Virginia Graeme Baker Pool and Spa Safety Act

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The Virginia Graeme Baker Pool and Spa Safety Act (VGBA) is a United States law named after the daughter of Nancy and James Baker and the granddaughter of former Secretary of State James Baker III. Graeme Baker died in an incident in June 2002 when the suction from a spa drain entrapped her under the water. The Act was first introduced by Rep. Debbie Wasserman Schultz and was supported by the Baker family and Safe Kids Worldwide.

Entrapment[edit]

Consumer Product Safety Commission staff began investigating reported incidents of swimming pool/spa suction entrapment incidents in the 1970s. Such incidents included entrapment of hair, body, limb, evisceration or disembowelment and mechanical entrapment of jewelry or bathing suits. From 1999 to 2007 for all age categories records were examined. In 2007, for all age categories, there were 74 reports of circulation entrapments. Individuals in the 5- to 9-year-old category had the highest frequency of entrapment reports.[1]

74 reports of circulation entrapments in 2007
Pool/Spa Deaths Injuries
Public 2 20
Residential 7 33
Unknown 0 10
Gender
Male 4 28
Female 5 35

Goals[edit]

The goals of the VGBA were to enhance the safety of public and private pools and spas, to reduce child drownings, to reduce the number of suction entrapment incidents, injuries and deaths; and to educate the public on the importance of constant supervision of children in and around water.

Legal status[edit]

Federal Requirements[edit]

There is a Federal requirement for public pools that preempts the state or local law, as of Dec. 19, 2008. and further regulations are in addition to it:

Sec. 1404: Top Priority for Public Pool And Spa Owners/Operators All pool/spa drain covers manufactured, distributed or entered into commerce on or after December 19, 2008 must meet ASME/ANSI A112.19.8– 2007. All public pools and spas must be retrofitted with covers that meet the ASME/ANSI A112.19.8– 2007 standard. All public pools and spas that have a single drain other than an unblockable drain must employ one or more additional options.

State requirements[edit]

A pool contractor should verify that the pool and / or spa is in compliance with the federally mandated Virginia Graeme Baker Pool & Spa Safety Act which takes effect December 19, 2008. If the pool is not in compliance, the necessary steps should be taken to comply with the Virginia Graeme Baker Pool & Spa Safety Act, that, in essence, specifies that:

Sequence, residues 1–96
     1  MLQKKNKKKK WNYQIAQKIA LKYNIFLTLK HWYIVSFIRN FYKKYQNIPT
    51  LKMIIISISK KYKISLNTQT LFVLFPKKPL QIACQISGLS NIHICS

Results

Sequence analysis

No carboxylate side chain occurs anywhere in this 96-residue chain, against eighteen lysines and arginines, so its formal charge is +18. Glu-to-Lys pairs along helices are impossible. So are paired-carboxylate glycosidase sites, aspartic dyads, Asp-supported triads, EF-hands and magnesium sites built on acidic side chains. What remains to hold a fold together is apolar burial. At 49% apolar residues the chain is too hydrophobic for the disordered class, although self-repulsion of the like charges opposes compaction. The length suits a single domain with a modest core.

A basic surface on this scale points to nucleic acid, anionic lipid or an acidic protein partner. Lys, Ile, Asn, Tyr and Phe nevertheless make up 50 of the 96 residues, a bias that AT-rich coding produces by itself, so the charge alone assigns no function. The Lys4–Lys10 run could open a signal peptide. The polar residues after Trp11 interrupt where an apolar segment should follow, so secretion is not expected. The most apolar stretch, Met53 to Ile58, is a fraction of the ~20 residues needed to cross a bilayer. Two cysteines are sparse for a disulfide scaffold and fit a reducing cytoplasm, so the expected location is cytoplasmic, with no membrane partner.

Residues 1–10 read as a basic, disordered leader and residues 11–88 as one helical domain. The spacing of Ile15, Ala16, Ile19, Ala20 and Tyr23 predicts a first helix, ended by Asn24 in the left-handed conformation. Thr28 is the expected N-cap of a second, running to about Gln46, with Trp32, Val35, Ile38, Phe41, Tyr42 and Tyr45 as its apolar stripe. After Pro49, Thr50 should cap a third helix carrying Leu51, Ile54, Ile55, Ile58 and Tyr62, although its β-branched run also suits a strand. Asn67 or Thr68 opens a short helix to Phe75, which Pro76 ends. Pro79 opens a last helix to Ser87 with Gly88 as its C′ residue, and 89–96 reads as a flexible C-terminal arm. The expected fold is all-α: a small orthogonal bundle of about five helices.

All public pools and spas, both new and existing, shall be equipped with drain covers compliant with ASME/ANSI A112.19.8 2007 standard.

In addition, all public pools and spas with a single main drain other than an un-blockable drain, shall also employ one or more of the following devices: separated drain system per ANSI/APSP 7, safety vacuum release system (SVRS) that complies with ANSI/ASME A112.19.17 or ASTM F2387; suction-limiting vent system; gravity drainage system; automatic pump shutoff; drain disablement; equivalent system determined by the CPSC.

The definition of un-blockable drain in the Act is a “drain sump of any size or shape that a human body cannot sufficiently block to create a suction entrapment issue.”

Link to the Act: Title XIV—Pool and Spa Safety Act

Compliant drain covers[edit]

The VGBA requires all drain covers to either be manufactured products or to be field fabricated outlets”, in each case meeting the specific technical requirements of the act and having the necessary certification.

The PSSA requires a safe & secure connection between the cover and sump. A new, compliant cover that fits securely into a pre-existing sump is accepted under certain conditions.

SVRS devices[edit]

These are used in conjunction with an approved main drain cover and skimmer. They come in three main varieties:[citation needed]

  • Mechanical devices which let air into pump to ease the vacuum when entrapment or blockage is sensed by device.[citation needed]
  • Electro-mechanical devices that shut off pump when blockage/entrapment is sensed.[citation needed]
  • Pumps or motors with built-in software that shuts off pump when blockage/entrapment is sensed.[citation needed]

See also[edit]

Sources[edit]

  • CONSUMER PRODUCT SAFETY COMMISSION (http://WWW.CPSC.GOV/)
  • CPSC Enforcement Position
  • Presentation on Drowning Prevention, Entrapment Prevention & Pool and Spa Safety Act (pdf)
  • CPSC Staff's Guide to Complying with the Law, October 2008 (pdf)
  • CPSC Staff Interpretation of Section 1404 of the Virginia Graeme Baker Pool and Spa Safety Act, June 18, 2008 (pdf)
  • CPSC Staff Draft Technical Guidance on Section 1406 on Minimum State Requirements for Grant Program* Public Comment Period
  • ANSI/APSP-7 Fact Sheet
  • ANSI/APSP-7 field checklist for identifying suction entrapment hazards

Notes[edit]

  1. ^ Abigail Rose Taylor (May 24, 2001 – March 20, 2008)[2] was a young girl from Edina, Minnesota, whose accidental injury and eventual death led to new legislation to improve the safety of swimming pools. Her injury, caused by drain suction, occurred in a wading pool at the Minneapolis Golf Club. The internal injuries left Taylor with short bowel syndrome and she received a rare triple organ transplant to replace her small intestine, liver, and pancreas. She died nine months after the accident because of a transplant-related cancer. The family filed suit against both the pool drain manufacturer and the golf club.[3]

References[edit]

  1. ^ Reported Pool/Spa-Related Related Circulation/Suction Entrapments, CPCS, 2007
  2. ^ Abigail Rose Taylor at Find a Grave
  3. ^ Text of the lawsuit by Abigail's parents

External links[edit]